President Donald Trump has yet to nominate the State Department official who oversees diplomatic security abroad — despite having made the 2012 Benghazi attacks a centerpiece of his campaign against Hillary Clinton.
Congressional Democrats say it’s a striking omission that shows Trump’s campaign rhetoric was just that. And even some Republicans are urging Trump to move faster to fill this and other key State Department posts.
"The State Department has security professionals who are up to the job, but we do need all hands on deck given the many evolving threats we face,” said Rep. Ed Royce of California, the Republican chairman of the House Foreign Affairs Committee. “I hope a nominee for assistant secretary will be put forward soon.”
Royce’s Democratic counterpart on the Foreign Affairs panel, Rep. Eliot Engel of New York, said Trump’s failure to nominate an assistant secretary of state for diplomatic security shows the Republican focus on Benghazi was “a bunch of political cheap talk” designed to tarnish Clinton’s reputation.
Democrats attributed the lack of a nominee to two factors: the administration’s overall slow pace of making appointments for senior jobs at federal agencies, especially the State Department, and Trump’s decision to prioritize hiring at the Defense Department over State.
“Unfortunately,” Engel said, “I think it’s indicative of the low priority that Trump and the administration are placing on diplomacy or anything to do with the State Department.”
Trump has made just two nominations for senior management posts at the State Department, not including ambassadorships. Secretary of State Rex Tillerson was confirmed by the Senate in February, and Trump tapped John Sullivan to be Tillerson’s deputy last week.
More than three dozen State Department leadership jobs remain unfilled, according to a tracker maintained by The Washington Post and the Partnership for Public Service — with hundreds of jobs requiring Senate confirmation sitting vacant across the federal government.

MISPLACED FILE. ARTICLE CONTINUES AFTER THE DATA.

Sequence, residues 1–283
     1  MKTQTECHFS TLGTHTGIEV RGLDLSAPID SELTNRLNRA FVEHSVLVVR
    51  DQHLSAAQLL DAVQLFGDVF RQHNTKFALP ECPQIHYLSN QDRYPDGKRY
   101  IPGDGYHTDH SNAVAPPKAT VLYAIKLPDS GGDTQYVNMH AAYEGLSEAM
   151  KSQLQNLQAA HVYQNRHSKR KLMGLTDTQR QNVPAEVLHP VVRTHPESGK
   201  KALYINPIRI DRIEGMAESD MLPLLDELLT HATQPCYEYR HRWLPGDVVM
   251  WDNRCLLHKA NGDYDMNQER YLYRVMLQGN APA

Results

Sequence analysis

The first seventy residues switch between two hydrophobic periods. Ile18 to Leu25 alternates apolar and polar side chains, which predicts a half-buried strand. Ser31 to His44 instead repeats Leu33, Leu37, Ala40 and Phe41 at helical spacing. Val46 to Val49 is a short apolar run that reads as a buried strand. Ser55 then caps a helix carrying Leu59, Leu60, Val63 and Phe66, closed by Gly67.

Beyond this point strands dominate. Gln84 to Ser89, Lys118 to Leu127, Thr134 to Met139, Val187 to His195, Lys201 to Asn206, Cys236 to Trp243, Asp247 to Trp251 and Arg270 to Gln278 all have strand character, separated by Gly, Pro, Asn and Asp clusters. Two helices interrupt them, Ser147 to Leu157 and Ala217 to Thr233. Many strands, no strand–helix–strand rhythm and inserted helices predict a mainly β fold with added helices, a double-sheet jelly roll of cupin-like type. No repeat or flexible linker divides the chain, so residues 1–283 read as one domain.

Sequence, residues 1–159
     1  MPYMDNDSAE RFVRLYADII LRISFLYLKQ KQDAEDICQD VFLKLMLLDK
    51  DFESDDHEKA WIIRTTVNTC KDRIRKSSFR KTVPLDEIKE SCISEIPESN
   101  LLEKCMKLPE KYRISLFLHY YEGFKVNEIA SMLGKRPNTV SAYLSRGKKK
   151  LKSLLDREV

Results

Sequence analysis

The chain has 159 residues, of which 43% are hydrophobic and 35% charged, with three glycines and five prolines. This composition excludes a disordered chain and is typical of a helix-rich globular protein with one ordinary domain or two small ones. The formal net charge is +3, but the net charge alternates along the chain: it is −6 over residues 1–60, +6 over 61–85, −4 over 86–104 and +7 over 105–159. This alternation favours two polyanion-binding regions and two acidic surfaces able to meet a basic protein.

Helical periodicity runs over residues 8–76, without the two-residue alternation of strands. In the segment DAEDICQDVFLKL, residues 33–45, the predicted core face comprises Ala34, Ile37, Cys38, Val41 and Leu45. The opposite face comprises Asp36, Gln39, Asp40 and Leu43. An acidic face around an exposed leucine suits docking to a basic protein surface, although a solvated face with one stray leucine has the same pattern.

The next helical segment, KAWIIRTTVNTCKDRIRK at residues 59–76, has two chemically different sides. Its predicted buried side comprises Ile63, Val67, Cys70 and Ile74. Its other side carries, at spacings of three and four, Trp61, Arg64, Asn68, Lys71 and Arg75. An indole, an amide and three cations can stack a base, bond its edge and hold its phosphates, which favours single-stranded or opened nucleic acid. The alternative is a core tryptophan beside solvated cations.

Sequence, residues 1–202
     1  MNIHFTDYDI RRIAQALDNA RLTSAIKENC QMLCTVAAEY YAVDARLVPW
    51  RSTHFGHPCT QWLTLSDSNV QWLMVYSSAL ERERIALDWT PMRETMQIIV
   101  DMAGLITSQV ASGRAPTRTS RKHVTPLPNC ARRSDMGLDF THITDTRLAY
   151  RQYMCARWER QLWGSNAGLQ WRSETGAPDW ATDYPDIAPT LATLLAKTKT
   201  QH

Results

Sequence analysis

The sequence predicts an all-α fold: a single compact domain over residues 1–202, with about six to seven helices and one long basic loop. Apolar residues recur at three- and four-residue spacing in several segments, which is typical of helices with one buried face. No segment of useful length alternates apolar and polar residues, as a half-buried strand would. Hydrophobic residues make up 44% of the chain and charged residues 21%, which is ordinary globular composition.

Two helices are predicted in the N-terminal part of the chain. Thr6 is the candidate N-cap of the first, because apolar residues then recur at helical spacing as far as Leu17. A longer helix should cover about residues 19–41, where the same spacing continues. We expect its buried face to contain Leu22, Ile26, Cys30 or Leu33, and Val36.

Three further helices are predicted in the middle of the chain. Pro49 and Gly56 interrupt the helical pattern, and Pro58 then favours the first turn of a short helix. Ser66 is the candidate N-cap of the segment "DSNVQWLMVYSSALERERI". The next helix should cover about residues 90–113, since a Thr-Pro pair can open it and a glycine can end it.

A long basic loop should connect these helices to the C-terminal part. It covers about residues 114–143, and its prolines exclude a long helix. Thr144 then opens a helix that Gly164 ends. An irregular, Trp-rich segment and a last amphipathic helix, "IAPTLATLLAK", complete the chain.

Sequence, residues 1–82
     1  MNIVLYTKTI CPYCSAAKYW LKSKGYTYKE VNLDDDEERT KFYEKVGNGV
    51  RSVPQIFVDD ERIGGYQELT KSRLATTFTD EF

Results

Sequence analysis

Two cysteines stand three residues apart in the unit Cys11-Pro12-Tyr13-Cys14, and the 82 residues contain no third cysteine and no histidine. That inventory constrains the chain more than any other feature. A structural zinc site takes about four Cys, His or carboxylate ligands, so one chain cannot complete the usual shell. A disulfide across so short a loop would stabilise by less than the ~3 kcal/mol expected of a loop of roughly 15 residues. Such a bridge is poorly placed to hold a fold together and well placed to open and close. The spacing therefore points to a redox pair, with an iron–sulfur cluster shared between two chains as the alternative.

A White House spokesman said career professionals are fulfilling positions as needed on an acting basis, and cited "a deep bench" at the State Department.
"We are working closely with Secretary Tillerson to finalize additional State Department appointments, which are being filled in order of seniority," the spokesman added. "That process is ongoing and subjects candidates to rigorous and lengthy vetting procedures."
During the campaign, Trump repeatedly seized on the attacks on U.S. facilities in Benghazi, Libya to skewer the former secretary of state, often while referring to Chris Stevens, the U.S. ambassador to Libya who was killed.
Clinton’s “decisions spread death, destruction and terrorism everywhere she touched,” Trump said in a speech in New York City last summer. “Among the victims is our late Ambassador, Chris Stevens. He was left helpless to die as Hillary Clinton soundly slept in her bed — that’s right, when the phone rang at 3 o’clock in the morning, she was sleeping.”
“Ambassador Stevens and his staff in Libya made hundreds of requests for security,” Trump continued. “Hillary Clinton’s State Department refused them all."
Trump also invited the mother of one of the Americans killed in the attacks to be his guest at his third debate against Clinton.
Congressional Republicans also seized on the Benghazi attacks as a way to damage Clinton, launching multiple investigations, including one conducted by a House select committee chaired by Rep. Trey Gowdy (R-S.C.). Gowdy’s office did not respond to requests for comment.